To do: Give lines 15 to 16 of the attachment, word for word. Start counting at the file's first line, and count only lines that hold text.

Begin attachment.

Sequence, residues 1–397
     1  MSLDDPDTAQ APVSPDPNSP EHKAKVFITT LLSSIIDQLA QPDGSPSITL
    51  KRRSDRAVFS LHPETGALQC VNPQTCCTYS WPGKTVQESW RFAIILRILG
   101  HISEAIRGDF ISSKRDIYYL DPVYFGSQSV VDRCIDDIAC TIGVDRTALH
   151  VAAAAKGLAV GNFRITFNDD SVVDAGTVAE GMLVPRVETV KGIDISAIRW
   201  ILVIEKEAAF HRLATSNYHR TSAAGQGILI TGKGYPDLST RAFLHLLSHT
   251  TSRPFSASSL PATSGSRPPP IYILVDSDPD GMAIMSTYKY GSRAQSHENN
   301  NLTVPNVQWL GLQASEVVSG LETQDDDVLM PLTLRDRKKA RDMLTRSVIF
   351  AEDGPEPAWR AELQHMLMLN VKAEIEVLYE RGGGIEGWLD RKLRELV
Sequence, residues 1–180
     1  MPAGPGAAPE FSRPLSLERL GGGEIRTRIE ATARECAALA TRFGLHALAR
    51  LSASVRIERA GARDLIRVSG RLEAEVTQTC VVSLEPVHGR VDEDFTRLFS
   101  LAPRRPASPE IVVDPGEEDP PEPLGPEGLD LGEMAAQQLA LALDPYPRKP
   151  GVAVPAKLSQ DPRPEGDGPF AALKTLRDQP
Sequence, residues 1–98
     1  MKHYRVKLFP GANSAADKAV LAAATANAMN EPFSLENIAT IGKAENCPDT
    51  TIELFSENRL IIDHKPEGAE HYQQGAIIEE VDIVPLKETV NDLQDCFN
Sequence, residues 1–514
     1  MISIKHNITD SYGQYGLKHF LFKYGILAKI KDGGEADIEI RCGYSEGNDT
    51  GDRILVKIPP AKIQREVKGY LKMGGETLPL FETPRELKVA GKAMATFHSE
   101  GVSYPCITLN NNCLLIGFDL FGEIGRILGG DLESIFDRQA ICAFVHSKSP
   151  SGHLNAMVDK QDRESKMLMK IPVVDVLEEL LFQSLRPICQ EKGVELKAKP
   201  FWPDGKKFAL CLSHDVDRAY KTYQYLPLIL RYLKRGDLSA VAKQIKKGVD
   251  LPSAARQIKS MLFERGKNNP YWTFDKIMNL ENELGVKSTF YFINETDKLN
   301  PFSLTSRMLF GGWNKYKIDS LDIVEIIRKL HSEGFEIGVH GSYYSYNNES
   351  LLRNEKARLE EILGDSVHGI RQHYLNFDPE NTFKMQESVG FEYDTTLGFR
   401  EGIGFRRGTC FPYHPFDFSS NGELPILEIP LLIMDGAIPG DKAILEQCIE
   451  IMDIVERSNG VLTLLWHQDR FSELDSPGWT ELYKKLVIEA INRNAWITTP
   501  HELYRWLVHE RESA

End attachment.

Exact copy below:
Sequence, residues 1–98
     1  MKHYRVKLFP GANSAADKAV LAAATANAMN EPFSLENIAT IGKAENCPDT